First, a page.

Fourth Muslim man murdered in New Mexico in 'targeted killings'

·2-min read
FILE PHOTO: Houses reach the edge of the desert on the outskirts of Albuquerque

By Kanishka Singh

(Reuters) - Police in New Mexico and federal agencies were probing the murders of four Muslim men to determine if the killings, the latest of which happened on Friday evening, were linked while the state's governor described them as "targeted killings."

Albuquerque Police Chief Harold Medina told reporters on Saturday that a "young man who is part of the Muslim community was murdered."

The victim's name and the circumstances of the murder were not disclosed. In the previous three cases, the victims were ambushed and shot without warning, police said.

Medina said the killing was possibly linked to the previous three murders.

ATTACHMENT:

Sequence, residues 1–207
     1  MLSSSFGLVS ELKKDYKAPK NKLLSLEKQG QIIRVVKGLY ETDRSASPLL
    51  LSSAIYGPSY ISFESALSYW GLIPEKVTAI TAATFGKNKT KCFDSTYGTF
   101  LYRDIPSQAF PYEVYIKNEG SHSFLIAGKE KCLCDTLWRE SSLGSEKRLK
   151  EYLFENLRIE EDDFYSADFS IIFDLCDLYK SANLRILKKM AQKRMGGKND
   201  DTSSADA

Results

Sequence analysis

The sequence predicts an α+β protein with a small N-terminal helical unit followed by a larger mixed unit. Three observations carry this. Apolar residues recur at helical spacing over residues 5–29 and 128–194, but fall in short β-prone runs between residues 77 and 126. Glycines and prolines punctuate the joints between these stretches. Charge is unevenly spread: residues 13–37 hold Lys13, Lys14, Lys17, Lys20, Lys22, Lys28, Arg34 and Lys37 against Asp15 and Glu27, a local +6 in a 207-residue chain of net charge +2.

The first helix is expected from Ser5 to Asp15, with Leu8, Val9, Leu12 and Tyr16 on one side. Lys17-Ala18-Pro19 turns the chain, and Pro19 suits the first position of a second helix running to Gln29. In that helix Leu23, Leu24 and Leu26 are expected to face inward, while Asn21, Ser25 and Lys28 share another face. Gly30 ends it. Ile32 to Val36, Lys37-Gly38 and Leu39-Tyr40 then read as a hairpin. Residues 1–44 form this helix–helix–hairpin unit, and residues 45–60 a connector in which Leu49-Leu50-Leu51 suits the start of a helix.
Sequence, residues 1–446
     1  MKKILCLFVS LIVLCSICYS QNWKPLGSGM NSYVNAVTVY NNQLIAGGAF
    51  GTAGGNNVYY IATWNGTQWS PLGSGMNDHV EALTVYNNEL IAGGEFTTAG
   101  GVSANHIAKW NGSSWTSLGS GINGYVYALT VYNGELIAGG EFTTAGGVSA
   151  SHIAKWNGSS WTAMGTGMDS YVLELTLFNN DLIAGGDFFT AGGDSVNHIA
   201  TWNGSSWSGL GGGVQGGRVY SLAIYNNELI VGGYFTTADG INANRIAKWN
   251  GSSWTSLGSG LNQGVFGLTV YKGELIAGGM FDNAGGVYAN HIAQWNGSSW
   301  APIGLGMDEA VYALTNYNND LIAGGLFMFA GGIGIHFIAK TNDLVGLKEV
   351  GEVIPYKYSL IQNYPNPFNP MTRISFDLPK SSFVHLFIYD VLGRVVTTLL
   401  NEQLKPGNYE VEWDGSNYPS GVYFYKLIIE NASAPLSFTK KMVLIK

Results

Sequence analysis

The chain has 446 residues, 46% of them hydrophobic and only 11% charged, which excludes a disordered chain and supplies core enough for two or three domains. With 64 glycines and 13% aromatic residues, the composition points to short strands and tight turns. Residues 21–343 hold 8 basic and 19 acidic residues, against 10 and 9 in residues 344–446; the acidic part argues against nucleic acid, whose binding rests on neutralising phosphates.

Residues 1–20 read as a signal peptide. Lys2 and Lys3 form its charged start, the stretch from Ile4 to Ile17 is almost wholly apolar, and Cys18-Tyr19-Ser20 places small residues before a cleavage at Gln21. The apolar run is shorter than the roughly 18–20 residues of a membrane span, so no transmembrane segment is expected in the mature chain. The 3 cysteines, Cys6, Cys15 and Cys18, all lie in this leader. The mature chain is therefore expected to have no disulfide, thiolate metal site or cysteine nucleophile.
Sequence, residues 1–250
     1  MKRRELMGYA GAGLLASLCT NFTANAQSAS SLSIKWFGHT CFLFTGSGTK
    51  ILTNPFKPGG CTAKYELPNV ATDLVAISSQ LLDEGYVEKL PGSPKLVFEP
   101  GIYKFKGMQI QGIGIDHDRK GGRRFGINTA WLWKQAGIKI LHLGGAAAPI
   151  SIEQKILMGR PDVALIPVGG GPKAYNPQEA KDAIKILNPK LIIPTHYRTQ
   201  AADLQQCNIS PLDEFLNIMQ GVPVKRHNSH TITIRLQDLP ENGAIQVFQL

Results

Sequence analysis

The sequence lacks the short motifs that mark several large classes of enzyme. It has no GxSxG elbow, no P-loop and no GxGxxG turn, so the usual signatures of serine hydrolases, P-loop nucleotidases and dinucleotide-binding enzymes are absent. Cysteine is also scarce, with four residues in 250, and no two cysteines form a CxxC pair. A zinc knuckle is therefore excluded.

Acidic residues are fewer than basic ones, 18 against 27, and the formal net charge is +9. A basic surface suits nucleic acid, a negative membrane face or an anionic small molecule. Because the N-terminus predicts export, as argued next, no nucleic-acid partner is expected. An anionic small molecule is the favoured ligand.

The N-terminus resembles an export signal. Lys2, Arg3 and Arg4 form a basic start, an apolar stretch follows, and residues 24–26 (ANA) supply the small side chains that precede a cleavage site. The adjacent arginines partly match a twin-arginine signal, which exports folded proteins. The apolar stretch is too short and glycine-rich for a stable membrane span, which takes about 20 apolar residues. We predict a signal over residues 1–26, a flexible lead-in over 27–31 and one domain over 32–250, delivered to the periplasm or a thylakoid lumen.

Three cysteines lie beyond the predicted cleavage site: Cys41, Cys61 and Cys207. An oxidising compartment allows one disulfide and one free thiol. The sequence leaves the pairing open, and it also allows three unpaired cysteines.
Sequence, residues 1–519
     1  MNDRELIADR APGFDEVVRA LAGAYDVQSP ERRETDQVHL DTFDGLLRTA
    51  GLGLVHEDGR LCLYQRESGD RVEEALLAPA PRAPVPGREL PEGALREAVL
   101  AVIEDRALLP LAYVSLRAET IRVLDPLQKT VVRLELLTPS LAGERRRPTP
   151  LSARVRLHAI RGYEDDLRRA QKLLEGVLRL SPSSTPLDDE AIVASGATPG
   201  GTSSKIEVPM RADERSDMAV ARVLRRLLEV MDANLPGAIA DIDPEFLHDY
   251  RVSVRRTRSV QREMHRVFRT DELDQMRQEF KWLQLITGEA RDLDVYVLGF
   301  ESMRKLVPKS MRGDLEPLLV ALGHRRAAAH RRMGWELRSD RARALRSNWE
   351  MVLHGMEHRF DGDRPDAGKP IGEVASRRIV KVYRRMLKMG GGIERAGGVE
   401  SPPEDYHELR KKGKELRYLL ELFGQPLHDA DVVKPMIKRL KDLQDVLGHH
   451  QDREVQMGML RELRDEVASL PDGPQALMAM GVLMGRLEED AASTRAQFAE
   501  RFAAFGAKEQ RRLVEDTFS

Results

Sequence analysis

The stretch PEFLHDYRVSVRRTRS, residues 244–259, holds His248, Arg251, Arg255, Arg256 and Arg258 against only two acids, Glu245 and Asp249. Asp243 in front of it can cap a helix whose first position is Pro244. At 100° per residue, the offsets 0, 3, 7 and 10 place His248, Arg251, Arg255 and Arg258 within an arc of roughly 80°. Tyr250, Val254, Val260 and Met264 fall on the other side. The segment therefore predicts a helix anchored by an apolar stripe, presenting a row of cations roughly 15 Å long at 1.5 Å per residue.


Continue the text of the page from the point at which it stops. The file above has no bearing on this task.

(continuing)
Police in New Mexico had said earlier that the other three Muslim men murdered in the state's largest city in the past nine months appeared to have been targeted for their religion and race.

"The targeted killings of Muslim residents of Albuquerque is deeply angering and wholly intolerable," New Mexico Governor Michelle Lujan Grisham tweeted late on Saturday. She also said she was deploying extra state police officers to Albuquerque to assist in the investigation.

Two of those murdered men were members of the same mosque, who were shot dead in Albuquerque in late July and early August. Police said there was a "strong possibility" their deaths were connected to the November killing of an Afghan immigrant.

Muhammad Afzaal Hussain, 27, a planning director for the city of Espanola who came to the United States from Pakistan, was shot dead on Monday outside his Albuquerque apartment complex while Aftab Hussein, 41, was found dead of gunshot wounds on July 26 near the Albuquerque's international district.

Those deaths are likely linked to the shooting of 62-year-old Mohammad Ahmadi in a parking lot by a halal supermarket and cafe on Nov. 7 last year, police said.

New Mexico State Police, the Federal Bureau of Investigation (FBI) and the U.S. Marshals Service are among several agencies involved in probing the murders.

(Reporting by Kanishka Singh in Washington; Editing by Lisa Shumaker)

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